%N a(n) is the number of unimodular triangulations of [0,2]x[0,n].
%C As stated by Kaibel and Ziegler, the number of unimodular triangulations of [0,1]x[0,n] is (2n)!/(n!*n!). This gives a(1)=6.
%C No formula for a(n) is known. Aichholzer computed a(n) for n<=15.
%C Kaibel and Ziegler computed a(n) for n<=375. Aichholzer also computed the number of unimodular triangulations of [0,m]x[0,n] for m=3,4,5 and various n, and Kaibel-Ziegler extended these calculations to m=6.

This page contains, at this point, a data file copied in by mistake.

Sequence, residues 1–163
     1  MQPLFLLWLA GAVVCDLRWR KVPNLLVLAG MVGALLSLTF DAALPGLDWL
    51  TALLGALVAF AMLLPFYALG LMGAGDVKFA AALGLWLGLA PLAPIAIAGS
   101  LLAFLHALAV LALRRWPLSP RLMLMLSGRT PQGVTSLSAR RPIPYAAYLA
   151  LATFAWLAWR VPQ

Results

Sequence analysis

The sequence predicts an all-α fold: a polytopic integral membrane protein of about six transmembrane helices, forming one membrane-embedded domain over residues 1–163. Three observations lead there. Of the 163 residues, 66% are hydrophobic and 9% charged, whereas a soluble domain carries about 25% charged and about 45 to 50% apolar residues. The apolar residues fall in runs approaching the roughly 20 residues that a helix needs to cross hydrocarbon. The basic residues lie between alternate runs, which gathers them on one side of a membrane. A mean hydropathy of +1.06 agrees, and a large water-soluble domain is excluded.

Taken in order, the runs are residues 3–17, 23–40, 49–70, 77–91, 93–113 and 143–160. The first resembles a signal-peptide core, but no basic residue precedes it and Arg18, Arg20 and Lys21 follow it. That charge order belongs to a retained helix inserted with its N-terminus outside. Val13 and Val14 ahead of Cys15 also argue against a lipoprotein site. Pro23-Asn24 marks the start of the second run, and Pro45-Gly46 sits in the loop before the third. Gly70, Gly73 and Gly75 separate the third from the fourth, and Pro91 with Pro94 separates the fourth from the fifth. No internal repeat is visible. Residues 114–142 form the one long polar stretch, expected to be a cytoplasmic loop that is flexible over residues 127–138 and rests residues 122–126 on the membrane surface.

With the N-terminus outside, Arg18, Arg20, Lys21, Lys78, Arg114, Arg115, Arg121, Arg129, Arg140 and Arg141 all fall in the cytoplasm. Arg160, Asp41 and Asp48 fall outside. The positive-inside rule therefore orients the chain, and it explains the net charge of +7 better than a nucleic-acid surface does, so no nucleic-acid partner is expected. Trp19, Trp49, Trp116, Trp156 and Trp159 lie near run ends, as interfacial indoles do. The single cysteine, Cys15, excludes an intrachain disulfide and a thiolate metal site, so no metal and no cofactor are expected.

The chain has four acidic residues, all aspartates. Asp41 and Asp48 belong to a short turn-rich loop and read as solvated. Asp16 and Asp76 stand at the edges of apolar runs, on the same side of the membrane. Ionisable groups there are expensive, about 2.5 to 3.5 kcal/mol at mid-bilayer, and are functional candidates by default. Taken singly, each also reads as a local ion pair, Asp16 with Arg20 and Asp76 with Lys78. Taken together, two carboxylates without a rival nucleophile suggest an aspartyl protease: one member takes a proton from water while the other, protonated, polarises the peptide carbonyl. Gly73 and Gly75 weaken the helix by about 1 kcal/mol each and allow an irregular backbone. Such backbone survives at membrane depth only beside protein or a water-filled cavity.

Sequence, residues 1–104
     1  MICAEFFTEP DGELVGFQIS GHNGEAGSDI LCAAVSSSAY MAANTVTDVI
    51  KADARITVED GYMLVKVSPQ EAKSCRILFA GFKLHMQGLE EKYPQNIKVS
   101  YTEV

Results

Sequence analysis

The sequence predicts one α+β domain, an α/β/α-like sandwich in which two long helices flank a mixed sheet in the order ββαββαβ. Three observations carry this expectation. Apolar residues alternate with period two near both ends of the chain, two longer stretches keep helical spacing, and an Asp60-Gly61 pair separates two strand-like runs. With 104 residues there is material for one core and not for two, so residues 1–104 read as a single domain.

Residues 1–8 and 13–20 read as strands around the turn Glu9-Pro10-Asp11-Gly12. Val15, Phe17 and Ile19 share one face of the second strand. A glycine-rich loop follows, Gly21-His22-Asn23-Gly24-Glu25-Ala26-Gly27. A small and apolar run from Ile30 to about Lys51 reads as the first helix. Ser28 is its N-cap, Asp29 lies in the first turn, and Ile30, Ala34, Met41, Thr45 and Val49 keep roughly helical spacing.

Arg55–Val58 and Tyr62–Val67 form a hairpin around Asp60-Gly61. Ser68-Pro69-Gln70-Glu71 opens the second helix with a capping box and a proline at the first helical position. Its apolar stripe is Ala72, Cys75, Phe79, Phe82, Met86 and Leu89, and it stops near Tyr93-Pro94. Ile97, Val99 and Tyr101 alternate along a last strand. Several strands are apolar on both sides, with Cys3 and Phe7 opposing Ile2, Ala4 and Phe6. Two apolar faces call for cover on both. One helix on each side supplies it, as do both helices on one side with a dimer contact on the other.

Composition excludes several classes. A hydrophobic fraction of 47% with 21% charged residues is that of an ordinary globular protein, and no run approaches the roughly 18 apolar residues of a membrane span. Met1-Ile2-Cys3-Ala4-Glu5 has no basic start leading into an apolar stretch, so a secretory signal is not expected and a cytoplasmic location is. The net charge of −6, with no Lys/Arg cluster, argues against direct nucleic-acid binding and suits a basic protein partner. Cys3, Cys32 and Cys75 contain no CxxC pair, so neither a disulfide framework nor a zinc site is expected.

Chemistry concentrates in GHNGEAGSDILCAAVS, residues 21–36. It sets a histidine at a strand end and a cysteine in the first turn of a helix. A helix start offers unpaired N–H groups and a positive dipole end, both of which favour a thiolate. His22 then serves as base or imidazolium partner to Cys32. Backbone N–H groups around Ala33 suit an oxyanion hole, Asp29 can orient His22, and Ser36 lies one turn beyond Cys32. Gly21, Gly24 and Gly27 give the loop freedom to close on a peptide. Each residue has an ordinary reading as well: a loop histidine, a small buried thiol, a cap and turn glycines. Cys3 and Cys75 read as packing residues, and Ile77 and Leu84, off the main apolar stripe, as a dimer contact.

%D V. Kaibel and G. Ziegler, "Counting lattice triangulations," London Math. Soc. Lecture Notes Series, Vol. 307, pp. 277-307, 2003.
%H O. Aichholzer, <a href="http://www.ist.tugraz.at/aichholzer/research/rp/triangulations/counting/">Counting Triangulations - Olympics</a>, 2006.
%H V. Kaibel and G. M. Ziegler, <a href="http://arXiv.org/abs/math.CO/0211268">Counting Lattice Triangulations</a>, arXiv:math/0211268 [math.CO], 2002.
%Y Second column of array A082640.
%A _John Kieffer_, Dec 06 2017